South Africa 5.4.2018 08:14 am

How Aarto Bill affects those who refuse to pay e-tolls … and everyone else

The Loerie e toll gantry that crosses the N12 toll road and the R24 that is classified a non toll road and its upkeep is not the responsibility of SANRAL although users will pay a toll fee. Picture: Neil McCartney

The Loerie e toll gantry that crosses the N12 toll road and the R24 that is classified a non toll road and its upkeep is not the responsibility of SANRAL although users will pay a toll fee. Picture: Neil McCartney

Aarto will not criminalise non-payment of e-tolls directly but rather deal with adherence to road signs, which instruct drivers to pay tolls.

Drivers and owners of heavy vehicles are the only ones currently at risk of losing their licences over e-toll fines should the current iteration of the Administrative Adjudication of Road Traffic Offences (Aarto) Bill become law.

The Road Traffic Infringement Agency, responsible for administering the Act, which has thus far only been rolled out in Johannesburg, yesterday said, despite media reports to the contrary, they never planned to assign demerits to drivers for failing to pay electronic tolls.

RTIA CEO Thabo Tsholetsane said “it was never the intention of the government to assign any demerit points to an infringement arising from non-compliance with the sign that directs that toll fees must be paid”.

“The draft Aarto regulations published in the Government Gazette No. 39482 of December 7, 2015, on page 8, clearly shows that the failure to comply with the said signs does not carry any demerit points.”

Tsholetsane also emphasised that Aarto would not criminalise non-payment of e-tolls directly, but rather deal with adherence to road signs, which instruct drivers to pay tolls.

But, despite this denial and the semantic quibble, the Act does in fact seek to penalise a very specific group of vehicles.

Under Schedule 3 of the current Act, there are in fact demerits applicable to the specific infringement, for any vehicle which requires an operator’s permit. These include trucks, buses, delivery vehicles and any vehicle meant to transport more than 12 people at a time.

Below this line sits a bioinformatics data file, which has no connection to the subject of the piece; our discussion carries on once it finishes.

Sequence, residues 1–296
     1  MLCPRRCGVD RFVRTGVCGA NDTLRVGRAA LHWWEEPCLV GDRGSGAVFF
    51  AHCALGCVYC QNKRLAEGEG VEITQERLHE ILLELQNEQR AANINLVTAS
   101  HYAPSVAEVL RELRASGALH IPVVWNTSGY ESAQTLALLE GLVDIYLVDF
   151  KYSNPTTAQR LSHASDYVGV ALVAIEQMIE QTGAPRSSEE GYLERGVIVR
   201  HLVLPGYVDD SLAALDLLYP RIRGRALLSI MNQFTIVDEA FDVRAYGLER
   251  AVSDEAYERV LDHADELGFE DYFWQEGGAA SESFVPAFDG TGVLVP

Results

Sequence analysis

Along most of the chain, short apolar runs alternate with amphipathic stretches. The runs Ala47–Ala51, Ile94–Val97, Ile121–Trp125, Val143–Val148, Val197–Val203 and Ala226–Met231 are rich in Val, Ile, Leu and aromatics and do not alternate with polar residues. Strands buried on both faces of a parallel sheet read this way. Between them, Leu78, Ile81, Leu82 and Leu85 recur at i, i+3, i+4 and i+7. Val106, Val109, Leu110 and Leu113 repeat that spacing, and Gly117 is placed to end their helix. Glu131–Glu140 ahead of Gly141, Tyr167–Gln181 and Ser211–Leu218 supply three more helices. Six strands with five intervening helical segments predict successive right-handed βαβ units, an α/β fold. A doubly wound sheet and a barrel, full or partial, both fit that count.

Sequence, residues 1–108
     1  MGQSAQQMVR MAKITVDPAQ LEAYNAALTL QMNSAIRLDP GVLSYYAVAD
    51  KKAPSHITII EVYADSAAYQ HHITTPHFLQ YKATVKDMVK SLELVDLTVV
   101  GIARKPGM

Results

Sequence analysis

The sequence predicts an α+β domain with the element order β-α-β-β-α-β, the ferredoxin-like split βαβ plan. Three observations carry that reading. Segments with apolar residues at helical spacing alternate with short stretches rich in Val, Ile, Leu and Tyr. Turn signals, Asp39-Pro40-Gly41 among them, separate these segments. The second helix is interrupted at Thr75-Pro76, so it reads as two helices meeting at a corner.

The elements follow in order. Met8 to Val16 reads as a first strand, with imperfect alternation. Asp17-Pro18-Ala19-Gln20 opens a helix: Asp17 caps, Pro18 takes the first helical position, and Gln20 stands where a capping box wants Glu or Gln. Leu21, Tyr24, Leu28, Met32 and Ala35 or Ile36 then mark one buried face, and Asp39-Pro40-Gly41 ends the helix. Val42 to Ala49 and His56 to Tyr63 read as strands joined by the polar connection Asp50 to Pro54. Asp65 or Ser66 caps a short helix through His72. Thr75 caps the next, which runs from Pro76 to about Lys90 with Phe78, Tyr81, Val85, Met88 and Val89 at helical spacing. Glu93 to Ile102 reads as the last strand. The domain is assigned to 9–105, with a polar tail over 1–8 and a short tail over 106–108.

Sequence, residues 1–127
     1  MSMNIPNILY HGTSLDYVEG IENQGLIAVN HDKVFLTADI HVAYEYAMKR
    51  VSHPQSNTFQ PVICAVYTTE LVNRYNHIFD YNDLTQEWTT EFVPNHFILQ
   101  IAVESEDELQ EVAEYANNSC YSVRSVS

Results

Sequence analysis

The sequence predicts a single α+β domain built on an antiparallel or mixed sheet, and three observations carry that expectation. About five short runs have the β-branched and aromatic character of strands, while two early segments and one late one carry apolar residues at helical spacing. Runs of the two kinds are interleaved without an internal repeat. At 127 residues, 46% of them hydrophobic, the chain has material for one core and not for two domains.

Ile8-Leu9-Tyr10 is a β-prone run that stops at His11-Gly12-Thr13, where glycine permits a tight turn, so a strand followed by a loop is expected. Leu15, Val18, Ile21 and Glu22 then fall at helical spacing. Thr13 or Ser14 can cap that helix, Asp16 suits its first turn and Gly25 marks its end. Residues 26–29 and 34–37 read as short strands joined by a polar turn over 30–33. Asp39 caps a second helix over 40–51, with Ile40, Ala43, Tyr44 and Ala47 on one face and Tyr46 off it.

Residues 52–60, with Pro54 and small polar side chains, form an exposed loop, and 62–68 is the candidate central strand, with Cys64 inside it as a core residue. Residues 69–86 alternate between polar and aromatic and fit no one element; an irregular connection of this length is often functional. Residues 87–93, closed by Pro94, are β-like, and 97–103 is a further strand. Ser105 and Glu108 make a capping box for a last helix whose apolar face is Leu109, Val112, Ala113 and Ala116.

The Bill also seeks to remove the legal requirement that infringement notices must be delivered by registered mail, and that each notice be individually served.

Also, owners of multiple vehicles have only 32 days from the date of an infringement, to nominate a driver responsible for paying a fine. Failure to do so would mean the accrued fines, and demerit points, all automatically get assigned to his/her own drivers’ licence.

The effect on those not using tolled roads

The new Aarto Bill aims to deal with traffic infringements administratively, and remove them from the Criminal Justice domain.

It does, however, give the RTIA significant powers to deal with road users who disobey the rules of the road.

The passing of the Bill would see the establishment of a tribunal, appointed by the president, which will handle disputes of fines and demerits.

RTIA CEO Thabo Tsholetsane said the tribunal will ensure their administrative processes are in line with the constitution, and they will act independent of the RTIA. In the case of drivers lodging a dispute, the tribunal would replace the lower traffic courts, and according to Tsholetsane, “the members of the tribunal will not necessarily summon motorists to appear before it”.

“Decisions will be made based on the documentary evidence of the disputed infringement, the reasons for unsuccessful representation by the RTIA and the reasons provided by the motorist when a representation was submitted. All these documents would be submitted to the tribunal for a review.”

According to Howard Dembovsky, national chairperson of Justice Project South Africa, the entire Bill is simply a moneymaking racket, meant to fleece motorists. He said there is enough power within the current legislation to ensure compliance with the rules of the road.

“They say this is meant to remove the burden from the court. But how will a tribunal of nine people do the work of more than 700 courts?” he asked.

Should the tribunal rule against an applicant, their only recourse would be the high court, which places justice out of the reach of most citizens.

“No one is going to spend large sums of money to approach the high court, in order to get out of a R500 fine. My gut tells me they’re trying to make it as difficult as possible to contest a fine.”

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